For the prospective apologist, I’d like to mention one thing. Maybe two. Well, a bunch of things. As I’m writing this, I’m getting a bunch of ideas. Anyway…
1. The importance of prayer. Catholics are famous for making the sign of the Cross before we endeavor to do anything serious or dangerous. That little prayer is the least we should do before we begin to fight against the dominions and powers with whom we begin to wage war when we begin to practice apologetics.
2. We all have different gifts. For example, myself. You’ll find my apologetics all over the internet. Why? Because, before I respond to anyone, I need to consider their argument, break it down into its smallest parts, look up the Catholic Doctrine and Scriptures which are relevant, etc. etc.
Street Evangelists don’t have that luxury. They have to be quick on the draw, humorous, thick skinned, calm, and over all skilled at verbal repartee. All gifts which are absent from my personality. Therefore, I stick to written, deliberate responses.
3. Make friends. Its easier to talk to friends. As I said above, I’m not good at street evangelization. I have about 20 years of experience at written apologetics and that has made it easier for me to talk to say, Jehova Witnesses and Mormons who come to my door.
But friends are a different matter. I have many Protestant friends. And after they get over the shock of realizing that there are actually Catholic explanations for the Scriptures, we have many excellent discussions.
4. Plant a seed. I learned long ago that my eloquence has nothing to do with whether a person will be converted or not. In twenty years, I know of one couple that emailed me and said they were going to investigate the Catholic Church based upon my responses. I never heard anything from them again.
So, don’t set out to convert anyone. Leave that to God. Your job is to give people reasons for your hope. Tell them why you believe what you believe.
4. How I talk to strangers. I do talk to stingers, occasionally. When they come to my door. The first few times that I tried that, it ended miserably bad. Angry arguments and yelling.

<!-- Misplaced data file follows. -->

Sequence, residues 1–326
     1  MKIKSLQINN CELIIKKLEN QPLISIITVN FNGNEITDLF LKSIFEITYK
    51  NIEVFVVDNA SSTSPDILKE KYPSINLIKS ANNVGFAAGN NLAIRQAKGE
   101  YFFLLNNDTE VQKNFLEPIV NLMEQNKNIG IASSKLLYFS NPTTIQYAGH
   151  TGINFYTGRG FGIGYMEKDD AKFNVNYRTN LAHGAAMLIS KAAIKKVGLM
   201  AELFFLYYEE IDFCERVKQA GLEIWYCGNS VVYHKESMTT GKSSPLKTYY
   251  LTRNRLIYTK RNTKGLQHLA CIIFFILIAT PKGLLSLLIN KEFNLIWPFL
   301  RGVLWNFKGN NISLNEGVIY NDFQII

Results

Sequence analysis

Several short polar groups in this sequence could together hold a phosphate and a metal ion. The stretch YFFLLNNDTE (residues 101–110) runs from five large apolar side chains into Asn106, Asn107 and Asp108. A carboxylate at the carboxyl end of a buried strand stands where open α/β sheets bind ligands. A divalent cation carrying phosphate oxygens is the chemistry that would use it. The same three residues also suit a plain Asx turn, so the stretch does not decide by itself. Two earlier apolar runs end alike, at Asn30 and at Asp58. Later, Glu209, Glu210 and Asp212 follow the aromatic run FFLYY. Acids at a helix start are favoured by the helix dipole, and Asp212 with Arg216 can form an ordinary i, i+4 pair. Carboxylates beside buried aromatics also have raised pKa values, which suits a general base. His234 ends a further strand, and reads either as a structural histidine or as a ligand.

So, I did what I’m best at. I wrote out a plan. I’ve got it sort of memorized now, so I don’t need to refer to it, anymore.
When I was younger, I played sports and my coaches had a very important lesson for apologetics. Stick to your game plan. It doesn’t matter what question they bring or what they say, I always turn their attention to Matt 16:18-19. Let’s say for instance, that a JW or Mormon asks, “Sir, have you received one of our pamphlets?” I’ll say, “No. But there’s a reason for that. Do you have your Bible? (They always do.) Please turn to Matt 16:18-19. You see, Jesus Christ did not write any Scripture. He established a Church with authority and He promised that this Church would never succumb to the gates of hell. I searched everywhere and the only Church I found that has been around since the time of Christ is the Catholic Church.”
Then they might bring some objection about the time of Constantine or the great apostasy or something. But I’ll dismiss it by saying, “I believe the promise of Jesus Christ, that His Church will last forever.”
Anyway, I’ve added more to it in the many years since I started doing that. Normally, they’ll read a Scripture and I’ll listen to it. Then, when I’m ready to end the discussion, I’ll turn their attention to Gal 1:8. And I’ll explain why I can’t listen to their strange gospel which was not taught by the Apostles.
I’ll do my best to end on a polite note and thank them for their visit. And I always tell them that I admire their courage for coming out to evangelize their faith.
I’ve had no more shouting arguments with anyone.